The county staff report says developers of projects are required to pay for any necessary upgrades to municipal systems.

Supervisor Paul Trampe asked during last week’s work session if water usage can be controlled at the site and staff told him yes, adding that time and volume restrictions also would be set.

Environmental impact

According to the county staff report, sPower’s plan meets or exceeds minimum code requirements on various environmental impacts, including such things as silt fencing and other barriers, seeding and on-site responses to environmental issues.

Loveday, the utilities director, told supervisors that sPower’s plan is more comprehensive and extensive than typical special-use permit submissions. He added that county staff and the Virginia Department of Environmental Quality have worked with company officials and said both state and county officials would oversee the project during construction and operation.

But residents have raised concerns about stormwater runoff and erosion.

There was a real-world example of what can happen in February at the 200-acre, 20-megawatt Essex Solar Center off U.S. 17 in Essex County when sediment runoff turned water into a muddy mix and washed into the Rappahannock River.

According to news reports, the facility owner, California-based Coronal Energy, blamed heavy rain for the problems. The Virginia Department of Environmental Quality cited the company and ordered it to fix the problems.

In its most recent written responses to county and resident questions, sPower said it has “made significant and costly modifications to our grading plan, reducing the amount of grading and earthwork than what was previously proposed. Also, the project will be phased with only 400 acres open and active at any one time in any one watershed.”

The company added that it has agreed to “go above and beyond” county and state environmental requirements, including stormwater, erosion and wetland impacts.

During the work session, Supervisor Gary Skinner said he was concerned about potential environmental damage and asked if sPower or the county would have staff on the site around the clock in case any issues emerged. He was told that isn't likely, but County Fire Chief Jay Cullinan said he wants video surveillance on site.

Toxic chemicals

Residents have raised concerns over sPower’s plan to use solar panels that contain cadmium telluride.

Cadmium by itself is a known carcinogen, but its full health impacts are unknown and still being studied. The metal is used in batteries and plastics, among its many uses. Yet cadmium also is found naturally in soil, water and even food.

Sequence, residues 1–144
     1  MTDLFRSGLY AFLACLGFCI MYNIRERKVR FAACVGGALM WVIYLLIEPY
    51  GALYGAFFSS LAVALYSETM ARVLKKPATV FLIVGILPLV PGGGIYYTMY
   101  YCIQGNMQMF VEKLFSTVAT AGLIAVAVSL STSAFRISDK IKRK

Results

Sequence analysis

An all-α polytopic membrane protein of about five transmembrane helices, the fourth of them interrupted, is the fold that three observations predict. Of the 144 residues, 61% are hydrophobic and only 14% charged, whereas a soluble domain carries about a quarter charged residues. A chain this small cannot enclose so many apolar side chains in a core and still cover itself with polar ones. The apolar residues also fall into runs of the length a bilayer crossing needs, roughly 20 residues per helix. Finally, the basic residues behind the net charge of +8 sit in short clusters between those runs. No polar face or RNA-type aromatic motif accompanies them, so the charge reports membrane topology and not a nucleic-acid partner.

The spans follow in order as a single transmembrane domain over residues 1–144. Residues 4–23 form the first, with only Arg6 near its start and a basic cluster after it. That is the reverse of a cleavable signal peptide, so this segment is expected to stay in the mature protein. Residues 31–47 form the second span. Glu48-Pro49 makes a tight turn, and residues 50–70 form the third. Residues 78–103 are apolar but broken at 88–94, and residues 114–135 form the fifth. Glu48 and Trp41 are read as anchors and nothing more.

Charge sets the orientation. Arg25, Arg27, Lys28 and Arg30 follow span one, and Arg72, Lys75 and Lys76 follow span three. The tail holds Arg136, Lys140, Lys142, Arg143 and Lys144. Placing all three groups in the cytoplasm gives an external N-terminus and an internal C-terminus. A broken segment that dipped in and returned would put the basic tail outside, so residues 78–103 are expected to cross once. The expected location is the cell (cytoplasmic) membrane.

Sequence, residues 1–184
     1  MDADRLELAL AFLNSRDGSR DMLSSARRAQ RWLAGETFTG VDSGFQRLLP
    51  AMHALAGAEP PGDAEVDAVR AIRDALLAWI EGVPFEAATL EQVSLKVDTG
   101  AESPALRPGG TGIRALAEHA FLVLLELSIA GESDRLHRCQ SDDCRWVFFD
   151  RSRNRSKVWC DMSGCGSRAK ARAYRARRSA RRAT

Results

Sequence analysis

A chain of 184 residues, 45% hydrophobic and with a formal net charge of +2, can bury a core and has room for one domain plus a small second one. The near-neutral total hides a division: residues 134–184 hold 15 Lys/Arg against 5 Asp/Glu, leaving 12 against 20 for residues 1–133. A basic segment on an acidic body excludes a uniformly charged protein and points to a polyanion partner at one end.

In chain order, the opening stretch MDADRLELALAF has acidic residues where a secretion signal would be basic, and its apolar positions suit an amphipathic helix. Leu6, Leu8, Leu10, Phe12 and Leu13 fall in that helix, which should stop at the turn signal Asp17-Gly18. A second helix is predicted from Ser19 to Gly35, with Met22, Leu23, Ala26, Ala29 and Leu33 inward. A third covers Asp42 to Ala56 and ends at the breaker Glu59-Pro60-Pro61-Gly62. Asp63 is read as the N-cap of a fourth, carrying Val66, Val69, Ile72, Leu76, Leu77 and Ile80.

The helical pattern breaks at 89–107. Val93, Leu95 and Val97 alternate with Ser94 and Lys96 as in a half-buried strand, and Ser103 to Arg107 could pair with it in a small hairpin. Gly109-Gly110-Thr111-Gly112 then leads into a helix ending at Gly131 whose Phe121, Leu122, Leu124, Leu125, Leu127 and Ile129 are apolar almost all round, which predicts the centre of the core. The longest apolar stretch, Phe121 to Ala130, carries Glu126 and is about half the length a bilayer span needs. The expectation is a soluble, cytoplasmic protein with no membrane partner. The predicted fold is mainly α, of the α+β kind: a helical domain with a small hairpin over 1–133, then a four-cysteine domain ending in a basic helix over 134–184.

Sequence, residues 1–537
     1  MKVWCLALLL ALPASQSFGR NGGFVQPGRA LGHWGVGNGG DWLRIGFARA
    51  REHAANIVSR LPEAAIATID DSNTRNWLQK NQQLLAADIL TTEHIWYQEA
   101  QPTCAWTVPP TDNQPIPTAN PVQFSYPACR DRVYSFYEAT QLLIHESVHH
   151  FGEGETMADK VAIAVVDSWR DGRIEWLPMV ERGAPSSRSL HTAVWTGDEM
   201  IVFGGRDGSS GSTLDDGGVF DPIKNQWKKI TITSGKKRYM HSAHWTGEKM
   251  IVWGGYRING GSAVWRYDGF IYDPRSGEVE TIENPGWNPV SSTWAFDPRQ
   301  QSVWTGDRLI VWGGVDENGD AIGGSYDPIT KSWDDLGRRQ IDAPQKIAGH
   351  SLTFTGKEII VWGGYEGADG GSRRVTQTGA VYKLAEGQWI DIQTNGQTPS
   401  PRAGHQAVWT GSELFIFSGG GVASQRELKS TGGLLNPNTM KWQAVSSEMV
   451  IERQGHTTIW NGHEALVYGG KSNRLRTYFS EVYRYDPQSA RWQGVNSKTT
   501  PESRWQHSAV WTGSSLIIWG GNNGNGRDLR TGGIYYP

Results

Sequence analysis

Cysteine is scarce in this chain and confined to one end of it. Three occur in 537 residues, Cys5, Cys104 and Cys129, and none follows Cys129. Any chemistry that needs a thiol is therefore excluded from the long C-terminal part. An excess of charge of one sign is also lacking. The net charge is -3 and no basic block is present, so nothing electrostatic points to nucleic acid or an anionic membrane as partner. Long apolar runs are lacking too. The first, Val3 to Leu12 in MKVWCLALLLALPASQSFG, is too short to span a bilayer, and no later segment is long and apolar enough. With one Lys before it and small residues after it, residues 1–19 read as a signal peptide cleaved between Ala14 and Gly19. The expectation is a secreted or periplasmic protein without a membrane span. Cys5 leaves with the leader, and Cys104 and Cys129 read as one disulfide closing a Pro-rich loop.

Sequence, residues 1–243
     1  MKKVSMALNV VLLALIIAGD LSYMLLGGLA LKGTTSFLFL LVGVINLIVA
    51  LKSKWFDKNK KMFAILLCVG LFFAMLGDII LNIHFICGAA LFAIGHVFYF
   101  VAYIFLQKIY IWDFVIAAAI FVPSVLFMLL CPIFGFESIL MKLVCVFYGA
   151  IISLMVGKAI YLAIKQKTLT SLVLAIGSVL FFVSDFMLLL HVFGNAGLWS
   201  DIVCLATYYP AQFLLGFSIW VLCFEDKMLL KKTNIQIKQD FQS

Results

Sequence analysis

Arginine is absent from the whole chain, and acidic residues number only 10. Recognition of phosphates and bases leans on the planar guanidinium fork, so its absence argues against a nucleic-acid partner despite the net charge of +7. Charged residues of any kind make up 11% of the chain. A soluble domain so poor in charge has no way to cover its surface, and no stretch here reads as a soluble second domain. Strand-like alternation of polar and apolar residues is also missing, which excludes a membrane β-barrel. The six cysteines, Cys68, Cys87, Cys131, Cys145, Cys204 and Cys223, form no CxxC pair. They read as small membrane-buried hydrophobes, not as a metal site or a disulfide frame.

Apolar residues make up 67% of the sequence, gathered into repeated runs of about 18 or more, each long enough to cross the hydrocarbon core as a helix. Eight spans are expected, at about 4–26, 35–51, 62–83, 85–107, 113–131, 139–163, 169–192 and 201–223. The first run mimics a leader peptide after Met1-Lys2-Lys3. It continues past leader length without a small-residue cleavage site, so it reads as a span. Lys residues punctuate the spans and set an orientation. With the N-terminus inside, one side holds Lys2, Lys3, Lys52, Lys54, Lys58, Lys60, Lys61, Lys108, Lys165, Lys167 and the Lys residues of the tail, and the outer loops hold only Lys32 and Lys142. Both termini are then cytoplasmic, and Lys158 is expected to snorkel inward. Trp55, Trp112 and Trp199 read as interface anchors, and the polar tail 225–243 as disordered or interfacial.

SPower presented the county with studies and maintains that cadmium telluride, a crystalline made from cadmium and tellurium, is not the same as cadmium and that the panels are safe. The studies found that the cadmium telluride in the panels is not water soluble and cannot drift as dust.

The studies on cadmium telluride included various other conclusions.

In one case, a study equated the potential impact from the chemical in the panels to agricultural fertilizer. In another, the study found that using solar panels would result in a decrease of cadmium released into the atmosphere through coal-fired power plants.

Yet another study indicated that the panels pass federal standards that would allow the panels to be disposed of in landfills, which would address what is a major issue in the solar facility industry—disposal of materials.

Dewberry Engineers Inc., the consultant hired to analyzed parts of the proposal, agreed. But the consultant added that cadmium telluride still could have negative impacts if people come into contact with it or ingest certain amounts. Dewberry, however, considered the risks and impacts negligible.

Residents still have raised concerns that severe weather could damage the panels and allow the cadmium telluride to leach into the soil or water.

The company said the panels are designed to withstand severe weather and that "our real-time monitoring systems will allow us to identify and replace damaged panels instantly.”

Financial risk to county

Another key concern for residents and county officials is what happens if the project fails or when it closes?

In its written responses to the county, sPower said that after 35 years, it would determine whether to keep the facility open and seek a contract renewal. If the county “wishes the property to return to (its) original land use, reversion back to timberland will take the same amount of time as after a clear-cut under current use."

Part of sPower’s proposal includes a decommissioning plan, which covers what happens to the land and equipment after the facility closes. That plan includes bonds that would pay for the costs of site cleanup and restoration.

Critics have said sPower overvalues the amount the panels would be worth for recycling, which could leave the county and taxpayers on the hook for the costs.

SPower said in its written responses to the county that it has plenty of experience with solar projects and how to estimate future value of the materials. Also, the company noted, the decommissioning plan will be re-evaluated throughout the life of the project.